The Detroit Lions are likely going to make full-scale changes on the defensive side of the ball this offseason. The team finished last in points allowed, yards allowed and defensive DVOA, an efficiency metric from Football Outsiders.
In a last-ditch effort to salvage the season—and keep their jobs—the Lions opted for a midseason trade to bolster their pass rush. The Lions sent a conditional sixth-round pick (could turn into a fifth-round pick) for defensive end Everson Griffen, who had gotten off to a slow start in his first season with the Dallas Cowboys.
Obviously, Griffen alone was not enough to turn the defense, nor the team, around in time to save anyone’s jobs. But let’s look back on his 2020 season to see if the trade was still potentially worth it, and if Griffen could even be back next year.
Expectations heading into 2020
After 10 years in Minnesota, Griffen hit the free agent market, but he didn’t find a new team right away. Instead, teams took their time with Griffen, who had seen a clear decline in his game with the Vikings, even though he managed 8.0 sacks in 2019.
Eventually, the Cowboys were the team to give Griffen a shot, inking him to a one-year, $6 million contract in August.
By the time the Cowboys traded him to Detroit, it appeared expectations should be limited, but that didn’t stop Lions fans from getting hyped about the trade. At the time, the Lions were 3-3, and in desperate need of a pass rush. Griffen for a Day 3 draft picked seemed like a more-than-reasonable price, and as such, 92 percent of fans gave the move an A or B grade.
Actual role in 2020
2020 stats: 7 games: 13 tackles, 3.5 sacks, 3 passes defended
PFF grade: 69.5
Griffen’s play was about on par with where he’s at as a 33-year-old defender. He was able to bring a little extra pass rush to the team, finishing the season with an 80.1 pass grade, second only to Romeo Okwara on the team, and his 15 pressures was third on the team, despite only seven games played. He also brought an unmistakable intensity to practice, games, and even press conferences.
However, it was always too much of an ask to expect Griffen come in and solve all of Detroit’s pass rushing woes. At his age, he wasn’t garnering the snaps of a starter, and Detroit wasn’t getting into many third-and-long opportunities to allow him do pin his ears back and pass rush.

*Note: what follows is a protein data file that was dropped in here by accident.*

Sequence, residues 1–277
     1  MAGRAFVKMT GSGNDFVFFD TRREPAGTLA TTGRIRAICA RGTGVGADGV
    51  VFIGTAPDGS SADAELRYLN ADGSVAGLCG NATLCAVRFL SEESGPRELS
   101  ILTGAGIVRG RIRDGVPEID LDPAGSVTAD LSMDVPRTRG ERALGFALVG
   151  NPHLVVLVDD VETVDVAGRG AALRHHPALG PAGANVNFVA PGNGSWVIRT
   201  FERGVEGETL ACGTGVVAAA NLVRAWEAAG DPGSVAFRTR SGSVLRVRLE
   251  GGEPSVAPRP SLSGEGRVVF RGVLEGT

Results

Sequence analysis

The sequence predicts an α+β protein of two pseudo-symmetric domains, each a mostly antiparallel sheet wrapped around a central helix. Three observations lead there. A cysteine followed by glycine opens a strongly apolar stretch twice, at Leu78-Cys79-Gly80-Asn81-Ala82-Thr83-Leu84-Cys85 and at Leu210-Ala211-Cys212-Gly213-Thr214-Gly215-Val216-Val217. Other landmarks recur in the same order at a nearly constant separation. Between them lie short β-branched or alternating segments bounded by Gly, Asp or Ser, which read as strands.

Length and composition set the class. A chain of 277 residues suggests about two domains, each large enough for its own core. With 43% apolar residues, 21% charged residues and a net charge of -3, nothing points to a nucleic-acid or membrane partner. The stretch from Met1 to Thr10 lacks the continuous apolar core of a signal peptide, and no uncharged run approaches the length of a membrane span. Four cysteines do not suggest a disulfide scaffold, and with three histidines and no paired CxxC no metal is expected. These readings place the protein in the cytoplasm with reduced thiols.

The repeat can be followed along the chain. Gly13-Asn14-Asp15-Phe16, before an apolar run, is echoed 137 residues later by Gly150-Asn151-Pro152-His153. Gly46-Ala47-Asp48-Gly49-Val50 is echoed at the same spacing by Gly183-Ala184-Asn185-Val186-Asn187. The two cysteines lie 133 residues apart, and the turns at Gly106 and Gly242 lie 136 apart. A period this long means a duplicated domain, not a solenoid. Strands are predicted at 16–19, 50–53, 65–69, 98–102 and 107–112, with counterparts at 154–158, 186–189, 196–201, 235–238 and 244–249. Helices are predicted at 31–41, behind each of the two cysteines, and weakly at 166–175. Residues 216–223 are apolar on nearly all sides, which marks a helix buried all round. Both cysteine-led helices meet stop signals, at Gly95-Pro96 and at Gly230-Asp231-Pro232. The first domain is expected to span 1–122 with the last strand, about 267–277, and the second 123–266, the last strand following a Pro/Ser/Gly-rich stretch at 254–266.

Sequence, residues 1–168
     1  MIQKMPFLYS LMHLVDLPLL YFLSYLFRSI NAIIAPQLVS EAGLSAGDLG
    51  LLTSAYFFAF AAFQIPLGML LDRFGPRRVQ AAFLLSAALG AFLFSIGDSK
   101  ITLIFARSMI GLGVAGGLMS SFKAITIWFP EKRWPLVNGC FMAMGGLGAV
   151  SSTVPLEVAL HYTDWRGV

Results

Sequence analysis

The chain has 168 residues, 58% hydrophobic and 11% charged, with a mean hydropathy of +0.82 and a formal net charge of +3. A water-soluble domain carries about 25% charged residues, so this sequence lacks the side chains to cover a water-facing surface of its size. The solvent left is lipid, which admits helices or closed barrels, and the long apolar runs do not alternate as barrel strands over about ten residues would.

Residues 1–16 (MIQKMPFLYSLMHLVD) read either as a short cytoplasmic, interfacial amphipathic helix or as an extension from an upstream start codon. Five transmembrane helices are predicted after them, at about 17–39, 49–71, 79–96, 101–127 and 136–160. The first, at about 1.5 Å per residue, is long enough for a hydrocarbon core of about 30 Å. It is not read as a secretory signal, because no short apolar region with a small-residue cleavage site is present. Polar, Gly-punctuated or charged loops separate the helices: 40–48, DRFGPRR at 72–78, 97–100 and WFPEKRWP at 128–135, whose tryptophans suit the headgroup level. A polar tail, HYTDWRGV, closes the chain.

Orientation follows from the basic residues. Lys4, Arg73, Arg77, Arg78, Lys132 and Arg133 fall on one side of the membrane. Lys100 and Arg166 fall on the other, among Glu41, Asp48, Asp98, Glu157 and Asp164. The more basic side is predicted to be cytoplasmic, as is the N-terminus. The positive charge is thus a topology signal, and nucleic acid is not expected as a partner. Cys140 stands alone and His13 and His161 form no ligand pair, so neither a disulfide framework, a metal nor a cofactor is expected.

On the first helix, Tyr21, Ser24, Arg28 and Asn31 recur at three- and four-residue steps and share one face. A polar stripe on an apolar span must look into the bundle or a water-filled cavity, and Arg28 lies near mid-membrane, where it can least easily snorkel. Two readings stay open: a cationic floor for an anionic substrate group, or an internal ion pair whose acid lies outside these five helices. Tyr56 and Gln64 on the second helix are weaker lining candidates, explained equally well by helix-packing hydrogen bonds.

In the end, was it worth sending a Day 3 pick hoping that an aging defender would help turn around the season defensively? Probably not. Through no fault of his own, Griffen alone was never going to prevent that ship from sinking. Though I suppose you can’t fault general manager Bob Quinn and head coach Matt Patricia for trying.
Outlook for 2021
Contract status: Unrestricted free agent
If there’s such a thing as a “bridge edge rusher,” I suppose Griffen could be that as the Lions look for a more long-term option to pressure opposing quarterbacks. There’s far more talk about bringing back Romeo Okwara, who had a breakout season in 2020, but he’ll come at a much higher price.
Of course, for a second season in Detroit to even be possible, Griffen has to be interested in coming back. But as soon as the season was over, Griffen made it pretty clear in a series of social media posts that he’s interested in going back to play with the Vikings. It’s unclear if that feeling is mutual, but it’s never a good sign for your chances of a re-signing when the player is already looking for greener pastures.
A re-signing seems unlikely, but don’t expect the Lions to receive any compensatory picks for Griffen. His contract isn’t likely to be big enough, and last year he signed so late in the offseason it didn’t count towards the Vikings compensatory pick equation.